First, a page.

2023-01-19: APP 2.0.0-beta13 has been released !
!!! Big performance increase due to optimizations in integration !!!
and upgraded development platform to GraalVM 22.3 based on openJDK19
We are very close now to releasing APP 2.0.0 stable with a complete printable manual...
Data calibration and post processing of Canon EOS Rebel T4I (650D) data
This is a workflow on a small subset of data of Kevin Malone
OTA: C8 and a focal reducer (which Kevin is experimenting with to find to right reducer distance).
Camera a Canon EOS Rebel T4I (650D)
Light frames : 6 x 300 seconds iso 400
flats frames: 5 x 0,2 seconds iso 400
flat dark frames 5x 0,2 seconds iso 400
dark frames: 6x 300 seconds iso 400
I have created a Bad Pixel Map of the darks and flats following:
The Bad Pixel Map only needs to be created once per year (or several years, depending on you camera's sensor).
creation of the master calirbation frames, Kevin supplied bias frames as well, but since we have darks en flat darks, I don't use the bias frames because the bias signal and BIAS pedestal is already contained in the darks and flat darks.
So I loaded all darks, flat darks en flats into APP and clicked on "calibrate" in 2) CALIBRATE.
This created 2 master darks (1 for the light frames and 1 for the flat frames) and 1 master flat.
Let check if the calirbation works using the l-calibrated image viewer mode :
Obviously something is wrong in the flat calibration. I have experimented with using the bias frames instead of the flat darks for the flat frame calibration but it gives the same result. These flats will not work I am afraid. We can test this in APP with the "correct vignetting" tool in 9) TOOLS.
Using a Kang Weiss model with geometric factor (third model is the model list) we can correct the vignetting, this indicated that the supplied flat frames are bad. Unfortunately the "correct vignetting" tool wont'correct the dustspots that are on the sensor, so this is not a solution now.
I suspect the flat frames have a problem with corrector of the C8, this doesn't seem to be corrected by the flats. Maybe it's a good idea to create the flats next time with a longer exposure time and ISO100 possibly to get better quality flat frames.
I will now integrate the calibrated light frames, I loaded the lights, the Bad Pixel Map, the Master Dark for the lights and the MasterFlat (created from dark subtracted flats).
notice the marks in the Frame column: D F BPM
This indicates that the lights will be calibrated with the supllied master dark, master flat and the Bad Pixel Map. You don't need to save the calibrated frames. The frames will be automatically calibrated in the steps up until integration. Debayering of the data is also done automatically at the right time.
3) ANALYSE STARS used defaults
4) REGISTER turned on dynamic distortion correction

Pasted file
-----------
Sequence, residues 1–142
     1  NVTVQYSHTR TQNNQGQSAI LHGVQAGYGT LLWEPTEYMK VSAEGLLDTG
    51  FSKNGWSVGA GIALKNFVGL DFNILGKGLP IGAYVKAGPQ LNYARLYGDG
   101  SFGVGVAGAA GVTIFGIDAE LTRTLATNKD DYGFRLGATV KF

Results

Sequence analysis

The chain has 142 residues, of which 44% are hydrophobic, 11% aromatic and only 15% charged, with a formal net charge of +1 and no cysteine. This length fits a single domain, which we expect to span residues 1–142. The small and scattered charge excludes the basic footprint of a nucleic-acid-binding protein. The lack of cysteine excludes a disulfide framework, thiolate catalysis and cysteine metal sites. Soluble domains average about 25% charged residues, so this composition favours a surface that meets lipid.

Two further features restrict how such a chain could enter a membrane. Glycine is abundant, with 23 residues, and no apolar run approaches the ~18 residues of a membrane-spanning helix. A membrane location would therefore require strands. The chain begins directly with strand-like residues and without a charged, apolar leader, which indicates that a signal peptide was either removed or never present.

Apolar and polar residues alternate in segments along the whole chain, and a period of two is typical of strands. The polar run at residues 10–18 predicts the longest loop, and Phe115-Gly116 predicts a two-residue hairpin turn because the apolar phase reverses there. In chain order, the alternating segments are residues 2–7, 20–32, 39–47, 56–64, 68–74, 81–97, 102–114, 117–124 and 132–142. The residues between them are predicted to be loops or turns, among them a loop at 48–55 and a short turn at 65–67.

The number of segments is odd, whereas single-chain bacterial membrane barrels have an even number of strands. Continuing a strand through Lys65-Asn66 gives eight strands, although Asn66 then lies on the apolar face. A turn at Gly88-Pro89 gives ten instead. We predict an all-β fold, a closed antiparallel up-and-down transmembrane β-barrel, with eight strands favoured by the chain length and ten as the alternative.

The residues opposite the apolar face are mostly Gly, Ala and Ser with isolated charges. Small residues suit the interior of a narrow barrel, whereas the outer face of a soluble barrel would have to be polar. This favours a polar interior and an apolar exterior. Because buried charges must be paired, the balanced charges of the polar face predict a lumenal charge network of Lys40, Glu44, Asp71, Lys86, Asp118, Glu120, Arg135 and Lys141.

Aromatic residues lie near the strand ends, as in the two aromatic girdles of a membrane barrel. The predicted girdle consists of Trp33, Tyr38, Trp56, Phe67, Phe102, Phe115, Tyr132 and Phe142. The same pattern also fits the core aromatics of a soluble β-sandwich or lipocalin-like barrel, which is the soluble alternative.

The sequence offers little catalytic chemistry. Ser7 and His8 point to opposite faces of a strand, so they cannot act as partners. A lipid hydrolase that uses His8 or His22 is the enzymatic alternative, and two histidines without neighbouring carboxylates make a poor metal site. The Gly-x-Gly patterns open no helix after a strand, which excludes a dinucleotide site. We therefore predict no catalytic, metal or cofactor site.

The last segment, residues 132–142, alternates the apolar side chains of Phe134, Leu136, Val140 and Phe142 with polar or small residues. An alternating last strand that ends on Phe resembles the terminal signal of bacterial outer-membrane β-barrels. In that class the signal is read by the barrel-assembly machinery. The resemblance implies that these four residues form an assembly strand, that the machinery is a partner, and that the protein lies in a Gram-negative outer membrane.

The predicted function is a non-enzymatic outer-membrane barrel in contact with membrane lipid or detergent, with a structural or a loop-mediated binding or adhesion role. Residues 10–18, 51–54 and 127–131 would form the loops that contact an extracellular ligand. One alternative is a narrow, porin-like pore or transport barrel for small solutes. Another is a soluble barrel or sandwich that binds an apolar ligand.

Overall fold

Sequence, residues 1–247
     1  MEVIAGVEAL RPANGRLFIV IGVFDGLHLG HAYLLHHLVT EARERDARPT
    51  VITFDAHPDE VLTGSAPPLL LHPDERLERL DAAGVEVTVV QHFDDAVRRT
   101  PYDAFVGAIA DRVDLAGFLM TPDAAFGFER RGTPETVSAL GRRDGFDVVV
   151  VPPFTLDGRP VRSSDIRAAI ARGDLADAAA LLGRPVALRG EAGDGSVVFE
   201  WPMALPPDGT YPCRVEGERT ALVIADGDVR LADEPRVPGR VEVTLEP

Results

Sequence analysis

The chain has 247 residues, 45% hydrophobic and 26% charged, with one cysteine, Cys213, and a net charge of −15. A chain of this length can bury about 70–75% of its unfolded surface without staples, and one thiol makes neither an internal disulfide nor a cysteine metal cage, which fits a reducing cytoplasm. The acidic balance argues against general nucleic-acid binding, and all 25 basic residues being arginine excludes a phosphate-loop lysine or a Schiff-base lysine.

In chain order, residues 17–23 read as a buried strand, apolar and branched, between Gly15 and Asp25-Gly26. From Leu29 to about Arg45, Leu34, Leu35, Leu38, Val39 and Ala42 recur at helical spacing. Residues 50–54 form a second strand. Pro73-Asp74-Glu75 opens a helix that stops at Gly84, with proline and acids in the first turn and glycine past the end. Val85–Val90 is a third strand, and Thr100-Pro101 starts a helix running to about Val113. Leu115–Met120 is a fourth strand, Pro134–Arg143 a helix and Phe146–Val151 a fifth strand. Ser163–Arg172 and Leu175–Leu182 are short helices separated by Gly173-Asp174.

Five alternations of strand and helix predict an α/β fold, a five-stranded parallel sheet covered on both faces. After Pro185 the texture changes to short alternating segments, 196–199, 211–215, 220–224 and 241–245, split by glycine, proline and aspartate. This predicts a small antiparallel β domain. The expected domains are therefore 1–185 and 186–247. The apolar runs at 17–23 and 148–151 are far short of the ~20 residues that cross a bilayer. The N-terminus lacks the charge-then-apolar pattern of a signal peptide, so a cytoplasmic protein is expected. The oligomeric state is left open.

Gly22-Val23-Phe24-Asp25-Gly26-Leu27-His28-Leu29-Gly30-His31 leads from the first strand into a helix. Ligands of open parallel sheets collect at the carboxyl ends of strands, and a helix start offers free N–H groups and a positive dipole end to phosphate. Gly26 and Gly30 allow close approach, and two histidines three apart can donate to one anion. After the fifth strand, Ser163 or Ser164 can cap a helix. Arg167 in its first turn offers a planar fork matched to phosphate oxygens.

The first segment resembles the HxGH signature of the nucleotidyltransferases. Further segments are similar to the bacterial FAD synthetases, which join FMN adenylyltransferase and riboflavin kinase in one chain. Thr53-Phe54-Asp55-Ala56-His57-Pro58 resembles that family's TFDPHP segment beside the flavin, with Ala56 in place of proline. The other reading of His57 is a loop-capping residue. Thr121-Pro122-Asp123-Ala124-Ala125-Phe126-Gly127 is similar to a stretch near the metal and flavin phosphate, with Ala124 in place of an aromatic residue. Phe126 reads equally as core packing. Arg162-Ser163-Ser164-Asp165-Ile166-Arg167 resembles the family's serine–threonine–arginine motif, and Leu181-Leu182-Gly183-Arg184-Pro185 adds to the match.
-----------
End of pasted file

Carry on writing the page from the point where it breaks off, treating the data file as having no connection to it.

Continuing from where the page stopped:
5) NORMALIZE defaults
- composition mode full,
- MBB 5%,
- LNC 1st degree 1 iteration,
- no outlier rejection since I have only 6 frames
- pixel interpolation, Lanczos 3 with no under/over shoot turned on
And I pushed "integrate" in 6) INTEGRATE
Notice the bend borders. This is dynamic distortion correction at work. This corrects the optical distortion of the C8 which is quite considerably. Furthermore, the bad flat-field calirbation is shown and we also notice a clear gradient.
Using the "remove light pollution" I have tried to correct the image. Correcting the bad flat-field calirbation is hard, but by setting the area slect boxes near the borders of the clear illumination difference circle, we are able to correct this to a high degree:
Notice how I have placed the area select boxed in circles aroung the flat field calibration artefact surrounding M101.
From looking at the stars in the corners, I would think that the corrector is not well placed yet. M101 in the center of the Field Of VIew is sharp, but the stars in the corner are not. We see very strong aberration in the star shapes. So Kevin has some more work in getting the reducer to work properly.
After the remove light pollution action, I have used the calibrate background tool, the star color calibration tool and the selective color tool.
After star color calibration, you will usually see a green cast over the image. You can correct this by injecting the opposite of magenta in the green channel in the selective color tool.
Before selective color:
After selective color, green channel + 0,85 magenta (twice, click on apply to apply the settings and do another iteration).
Finally, to get completely rid of the Illumination circle due to the bad flat-field correction, the light pollution removal tool could be used several times 😉
The failed flats calibration/illumination circle ended up being via light being phased back on through to sensor after first reflection off clipin filter then focal reducer. It seems it's one or the other with this system, either the filter or the reducer but not both. What was learned off this set of data being trialed through APP was that APP's stacking is far superior to both DSS Adaptive or Sigma. Although I didn't do final processing and finish work in APP the stacking really allowed for some good software bin/deconvolution work in another processor I'm more familiar with..Thanks Mabula for your hard work!! I submit for your review a screen grab highlighting APP's stacking over DSS. APP version is the middle version with DSS Adaptive on left and DSS Sigma on right. The resolution gains really impress!
~Kevin (KTMan) Malone
That's good to hear 😉
I am happy you're getting to the bottom of your illumination circle problem. Also happy to hear that you like APP's integration qualities!
Can you post the screengabs again? Possibly something went wrong? I am eager to see the differences 😉
DSS Adaptive on left, DSS Sigma on right, APP in middle. It was real friendly to getting the most resolution..
Great Kevin, the difference is stunning 😉 !